Rank #13: Strange Fruit – Voices of a Lynching
The images coming out of Ferguson, MO this summer have reminded us of another upsetting image of race in America. It’s a photograph that was taken just a few hours from Ferguson, but eight decades ago…and it inspired the Billie Holiday song, Strange Fruit.
Listen to our story (and be advised that it is disturbing.)
Rank #14: First Kiss
Josh Cutler has Tourette’s syndrome, a neurological disorder that causes uncontrollable tics and involuntary verbal outbursts. In this episode, listen to his teenage diary about getting his first kiss.
“What I have here is an envelope on which this girl Nicole wrote down instructions on how to kiss. It says: ‘pucker lips, slowly open mouth, slowly slide tongue in, repeat steps 1, 2, and 3.’ She made that list for me because I made out with her and she said I was doing it wrong. So I guess that’s the main thing I learned this summer.”
Rank #15: The Working Tapes – Part 1
An auto union worker, a switchboard telephone operator, a press agent…
In the early 1970’s, author Studs Terkel went around the country with a reel-to-reel tape recorder interviewing people about their jobs for his book, “Working.” It was a surprise bestseller. But until now, few of these interviews have ever been heard before.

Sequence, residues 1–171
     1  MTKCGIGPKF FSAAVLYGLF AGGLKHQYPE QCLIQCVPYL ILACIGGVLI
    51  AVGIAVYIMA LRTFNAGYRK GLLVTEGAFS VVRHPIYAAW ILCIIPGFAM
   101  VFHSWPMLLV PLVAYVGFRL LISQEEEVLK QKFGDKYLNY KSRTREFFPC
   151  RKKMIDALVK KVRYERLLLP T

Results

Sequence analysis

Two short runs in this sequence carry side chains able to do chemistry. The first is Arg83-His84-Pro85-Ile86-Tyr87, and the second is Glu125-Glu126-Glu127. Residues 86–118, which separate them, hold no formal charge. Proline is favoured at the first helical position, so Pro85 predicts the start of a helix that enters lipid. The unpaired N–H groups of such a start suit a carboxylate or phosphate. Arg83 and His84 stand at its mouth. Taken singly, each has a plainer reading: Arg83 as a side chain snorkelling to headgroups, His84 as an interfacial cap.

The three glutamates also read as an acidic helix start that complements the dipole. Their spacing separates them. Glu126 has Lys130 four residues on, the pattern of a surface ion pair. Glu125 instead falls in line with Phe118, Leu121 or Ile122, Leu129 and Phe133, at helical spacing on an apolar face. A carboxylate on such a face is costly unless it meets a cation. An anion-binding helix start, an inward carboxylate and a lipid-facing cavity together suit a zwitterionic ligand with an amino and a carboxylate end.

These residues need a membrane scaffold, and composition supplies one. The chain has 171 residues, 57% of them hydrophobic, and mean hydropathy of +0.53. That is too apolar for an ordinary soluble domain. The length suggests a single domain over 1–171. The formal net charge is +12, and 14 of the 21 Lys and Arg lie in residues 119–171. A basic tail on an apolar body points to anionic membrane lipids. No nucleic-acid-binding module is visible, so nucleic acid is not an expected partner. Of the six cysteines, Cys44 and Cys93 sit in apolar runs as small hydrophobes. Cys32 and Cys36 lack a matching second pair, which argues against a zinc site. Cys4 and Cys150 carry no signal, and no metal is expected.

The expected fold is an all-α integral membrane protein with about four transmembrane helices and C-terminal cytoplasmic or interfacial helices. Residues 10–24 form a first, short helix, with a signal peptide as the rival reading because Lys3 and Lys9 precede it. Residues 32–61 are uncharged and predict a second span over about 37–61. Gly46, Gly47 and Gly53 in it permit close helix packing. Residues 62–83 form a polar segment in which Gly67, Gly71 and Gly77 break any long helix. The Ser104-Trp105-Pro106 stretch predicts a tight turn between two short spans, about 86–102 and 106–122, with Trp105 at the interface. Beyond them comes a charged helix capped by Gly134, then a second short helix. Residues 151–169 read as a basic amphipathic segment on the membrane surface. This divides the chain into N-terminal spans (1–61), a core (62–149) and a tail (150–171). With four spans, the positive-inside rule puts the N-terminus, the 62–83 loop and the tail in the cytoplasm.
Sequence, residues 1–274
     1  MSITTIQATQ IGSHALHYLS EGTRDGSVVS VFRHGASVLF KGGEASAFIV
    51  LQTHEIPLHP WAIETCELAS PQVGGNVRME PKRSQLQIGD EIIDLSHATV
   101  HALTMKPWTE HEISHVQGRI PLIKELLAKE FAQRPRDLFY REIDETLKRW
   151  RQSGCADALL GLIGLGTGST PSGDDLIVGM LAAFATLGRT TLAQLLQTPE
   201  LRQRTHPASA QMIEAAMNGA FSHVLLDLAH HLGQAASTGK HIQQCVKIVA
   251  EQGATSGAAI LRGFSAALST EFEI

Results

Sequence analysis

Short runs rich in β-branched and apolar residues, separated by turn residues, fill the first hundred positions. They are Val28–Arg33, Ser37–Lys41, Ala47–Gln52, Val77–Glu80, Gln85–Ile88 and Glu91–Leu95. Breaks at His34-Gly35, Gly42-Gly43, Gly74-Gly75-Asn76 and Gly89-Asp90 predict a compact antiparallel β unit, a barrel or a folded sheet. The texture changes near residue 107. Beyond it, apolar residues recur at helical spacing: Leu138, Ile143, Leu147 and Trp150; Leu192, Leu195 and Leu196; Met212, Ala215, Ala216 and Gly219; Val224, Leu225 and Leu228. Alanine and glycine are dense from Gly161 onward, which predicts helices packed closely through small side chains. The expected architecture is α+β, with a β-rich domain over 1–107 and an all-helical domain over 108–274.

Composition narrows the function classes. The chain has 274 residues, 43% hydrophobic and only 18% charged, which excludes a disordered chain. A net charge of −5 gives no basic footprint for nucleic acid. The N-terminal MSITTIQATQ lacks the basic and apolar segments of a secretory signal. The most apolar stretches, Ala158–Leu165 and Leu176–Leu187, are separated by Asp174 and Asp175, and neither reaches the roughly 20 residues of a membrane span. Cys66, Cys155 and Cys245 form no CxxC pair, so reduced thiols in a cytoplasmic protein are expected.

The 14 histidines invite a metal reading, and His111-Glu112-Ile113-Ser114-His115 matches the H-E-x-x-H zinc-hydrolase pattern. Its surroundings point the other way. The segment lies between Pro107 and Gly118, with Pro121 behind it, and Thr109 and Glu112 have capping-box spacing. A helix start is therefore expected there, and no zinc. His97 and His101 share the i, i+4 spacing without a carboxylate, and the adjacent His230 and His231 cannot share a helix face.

For decades, the reel-to-reel tapes were packed away in Terkel’s home office. Over the past year, Radio Diaries, along with Project&, combed through them to produce a new NPR series. This is the first of a three-part podcast series on The Working Tapes.
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Rank #16: Busman’s Holiday
The story of William Cimillo, a New York City bus driver who snapped one day in 1947, left his regular route in the Bronx, and drove his municipal bus down to Florida. This story originally aired on This American Life.
Radio Diaries is a non-profit organization. We couldn’t do this work without support from our listeners. If you like this podcast, please consider making a tax-deductible contribution before December 31st. Go to www.radiodiaries.org to donate.
Rank #17: The Man Who Put the ‘P’ in NPR